Only a sketchy line or so to let you know that I am cross-eyed, tongue-twisted, hairless gibbering, shaking and explosive with correcting papers--and papers--and papers--while under the unbearable strain of remembering what a completely, crazily, forgetful good time you and yours gave me. If I'm packed off in chains to spend the rest of my life laughing like Pagliasci over the rib digging humor of Webster's unabridged read upside down--take unto thine own fair self the blackness of guilt in that blight, and retire to white shrines and calloused knees for daring to mislead me into bewildering San Francisco at the flower time, when school had another month to go, and I had the spring itch anyway. Though you might make Murph pray a bit with you--since she has me going ga-ga and pfff-pfff-pfff with my feet behind my neck, from trying to make a whole number out of 1/2. But I find it takes two to do it--and I'm alone. Praise be unto Allah and all the lesser gods that Euclid never got to Redwood city--or engineers would be working out stresses and strains on a bead rack.
But all frantic fury aside--I can't imagine how I could have had a better time --and besides the most pleasant memories of you and the many other very good friends, I shall never forget other matters you gave me-- the skyline at night and in the afternoon, with the wind like a river in the trees; red and yellow Chinatown, the peninsula in the new season,the hours into dawn at your house, the sunrise from Twin Peaks--the sun path on the distant bay, and San Francisco like a ghost city in the mist, and a chocolate egg after two helpings of everything at a very big dinner.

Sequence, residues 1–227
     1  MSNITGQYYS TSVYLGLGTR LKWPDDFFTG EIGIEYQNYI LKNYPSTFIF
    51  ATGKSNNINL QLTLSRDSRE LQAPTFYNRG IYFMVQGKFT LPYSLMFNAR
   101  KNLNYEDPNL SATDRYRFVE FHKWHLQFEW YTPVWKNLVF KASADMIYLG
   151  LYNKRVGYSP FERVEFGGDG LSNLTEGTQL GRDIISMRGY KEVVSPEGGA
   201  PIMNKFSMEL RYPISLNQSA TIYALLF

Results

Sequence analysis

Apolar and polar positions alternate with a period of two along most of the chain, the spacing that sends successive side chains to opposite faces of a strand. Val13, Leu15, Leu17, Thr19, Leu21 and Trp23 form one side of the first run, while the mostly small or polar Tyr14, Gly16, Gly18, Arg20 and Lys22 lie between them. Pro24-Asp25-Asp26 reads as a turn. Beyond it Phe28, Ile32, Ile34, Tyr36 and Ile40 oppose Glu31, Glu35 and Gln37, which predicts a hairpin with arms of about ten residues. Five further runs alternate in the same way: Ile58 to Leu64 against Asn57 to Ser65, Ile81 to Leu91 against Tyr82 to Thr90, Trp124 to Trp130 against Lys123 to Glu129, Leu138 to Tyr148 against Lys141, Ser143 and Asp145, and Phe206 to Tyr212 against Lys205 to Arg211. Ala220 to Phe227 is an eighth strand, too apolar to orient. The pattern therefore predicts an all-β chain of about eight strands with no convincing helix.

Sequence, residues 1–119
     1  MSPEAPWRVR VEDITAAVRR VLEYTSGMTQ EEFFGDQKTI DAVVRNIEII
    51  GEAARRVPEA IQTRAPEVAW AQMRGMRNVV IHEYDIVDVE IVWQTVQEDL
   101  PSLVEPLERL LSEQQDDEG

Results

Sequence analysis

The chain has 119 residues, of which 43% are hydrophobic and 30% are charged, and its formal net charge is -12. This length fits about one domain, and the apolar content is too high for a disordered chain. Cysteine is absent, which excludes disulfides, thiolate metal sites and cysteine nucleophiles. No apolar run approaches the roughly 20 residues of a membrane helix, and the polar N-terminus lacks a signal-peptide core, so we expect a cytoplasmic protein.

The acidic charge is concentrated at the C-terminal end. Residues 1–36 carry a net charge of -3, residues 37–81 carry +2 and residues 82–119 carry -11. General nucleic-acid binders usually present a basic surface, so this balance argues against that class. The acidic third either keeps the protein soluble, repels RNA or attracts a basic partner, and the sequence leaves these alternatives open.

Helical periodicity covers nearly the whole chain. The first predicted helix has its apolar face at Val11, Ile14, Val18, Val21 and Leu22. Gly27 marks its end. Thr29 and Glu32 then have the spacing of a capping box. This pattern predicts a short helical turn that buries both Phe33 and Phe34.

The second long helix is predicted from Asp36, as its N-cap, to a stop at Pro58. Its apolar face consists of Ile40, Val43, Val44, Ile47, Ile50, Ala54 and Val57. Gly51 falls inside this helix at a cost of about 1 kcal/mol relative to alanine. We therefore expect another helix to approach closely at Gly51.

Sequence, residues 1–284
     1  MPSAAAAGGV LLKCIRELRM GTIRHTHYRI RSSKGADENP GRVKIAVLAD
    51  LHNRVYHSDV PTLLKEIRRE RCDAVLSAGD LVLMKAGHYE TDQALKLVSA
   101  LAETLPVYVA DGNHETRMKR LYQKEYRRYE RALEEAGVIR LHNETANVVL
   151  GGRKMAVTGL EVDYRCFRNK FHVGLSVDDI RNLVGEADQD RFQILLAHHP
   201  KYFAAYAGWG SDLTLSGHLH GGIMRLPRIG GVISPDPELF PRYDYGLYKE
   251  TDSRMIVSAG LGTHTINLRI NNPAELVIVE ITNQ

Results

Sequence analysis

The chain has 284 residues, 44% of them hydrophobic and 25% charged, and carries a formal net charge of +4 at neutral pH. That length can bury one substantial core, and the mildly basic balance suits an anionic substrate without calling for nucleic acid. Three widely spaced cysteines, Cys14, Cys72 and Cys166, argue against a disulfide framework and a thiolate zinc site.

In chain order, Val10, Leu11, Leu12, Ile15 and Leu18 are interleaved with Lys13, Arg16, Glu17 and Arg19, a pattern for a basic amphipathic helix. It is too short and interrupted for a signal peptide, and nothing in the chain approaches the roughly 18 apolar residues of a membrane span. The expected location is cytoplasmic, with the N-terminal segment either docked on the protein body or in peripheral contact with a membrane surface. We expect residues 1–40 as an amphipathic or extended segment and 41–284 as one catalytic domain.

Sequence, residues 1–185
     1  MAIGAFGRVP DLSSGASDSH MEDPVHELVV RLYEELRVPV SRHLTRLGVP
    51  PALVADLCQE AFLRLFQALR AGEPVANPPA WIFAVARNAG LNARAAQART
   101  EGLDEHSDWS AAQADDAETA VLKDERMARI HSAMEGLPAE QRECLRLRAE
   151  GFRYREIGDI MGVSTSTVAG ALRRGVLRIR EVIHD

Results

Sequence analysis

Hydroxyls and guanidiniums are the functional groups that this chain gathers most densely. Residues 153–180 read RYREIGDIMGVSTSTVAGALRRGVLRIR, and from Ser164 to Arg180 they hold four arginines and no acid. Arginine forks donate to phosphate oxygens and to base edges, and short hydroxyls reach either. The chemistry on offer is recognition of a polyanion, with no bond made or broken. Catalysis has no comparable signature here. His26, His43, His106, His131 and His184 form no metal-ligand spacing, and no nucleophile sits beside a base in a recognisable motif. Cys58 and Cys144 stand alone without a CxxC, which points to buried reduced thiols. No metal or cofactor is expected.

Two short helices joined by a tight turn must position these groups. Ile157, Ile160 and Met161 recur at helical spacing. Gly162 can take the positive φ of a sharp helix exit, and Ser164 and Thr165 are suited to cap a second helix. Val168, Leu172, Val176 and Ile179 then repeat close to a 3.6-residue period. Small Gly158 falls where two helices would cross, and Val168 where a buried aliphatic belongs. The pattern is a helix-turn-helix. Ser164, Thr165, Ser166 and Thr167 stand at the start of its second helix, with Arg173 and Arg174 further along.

No I did not have to use that going away bottle of specialist champagne. I feel fine. We gave the purple top flask to Montgomery. He likes the stuff. Drinks it up to keep his joints oiled, his hair smooth, his nails polished--and uses it as an after shaving lotion--and to keep the moths out of his tuxedo. He gives it to the night watchman to grease his disposition and pours it into cream pitchers at the dining hall. It takes the squeak out of Hannah Widget, and makes mellow and mellifluous the meanderings of the Roxie vitaphone. He found only one fault with the wine --there wasn't enough for the size spoon he uses.
Now where was I--oh yes-- enumerating all that you had done to put me in this state of double jointed cranial cramps. Well--enough --we need go no further with that. You know as well as I do what was done to me-- and why I now smile sweetly upon my lisping students while the yellow jaundice of desperation comes more and more forth from my bloodshot eyes.
But all strange stragglings aside--it was a wonderful weekend--one to leave me eternally in your debt--unless I may introduce you to Lake Tahoe and Pyramid--and favorite places in my mountains. Thank you again endlessly. And may our paths have other crossings. My best regards to your Mother and Father--and to M--no!--tell Murph I hate and despise her -- and I slap her memory all out of shape for leaving me with a fraction. I loathe fractions and I'm rotten at mathematics.
Hoping for more Easter morns on Twin Peaks--and coffee and sleepy cigarettes before dawn. Life is long--may it be as good often again.
Walter Van Tilburg Clark wrote this letter in Spring 1932 when he was teaching high school in Reno. Thanks to his son Robert Clark and Special Collections, University of Nevada, Reno, Library for permission to print i t.
Photos of San Francisco, 1940 and Lake tahoe, 1912, from Jim Bell Collection
Copyright © 1997, Great Basin News Service
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